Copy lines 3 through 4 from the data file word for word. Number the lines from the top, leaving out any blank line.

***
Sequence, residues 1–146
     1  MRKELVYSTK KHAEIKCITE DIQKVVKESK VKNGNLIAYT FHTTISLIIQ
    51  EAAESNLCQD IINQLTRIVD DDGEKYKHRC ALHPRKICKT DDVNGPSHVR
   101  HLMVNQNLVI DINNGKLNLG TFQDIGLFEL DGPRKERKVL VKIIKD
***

    51  EAAESNLCQD IINQLTRIVD DDGEKYKHRC ALHPRKICKT DDVNGPSHVR
   101  HLMVNQNLVI DINNGKLNLG TFQDIGLFEL DGPRKERKVL VKIIKD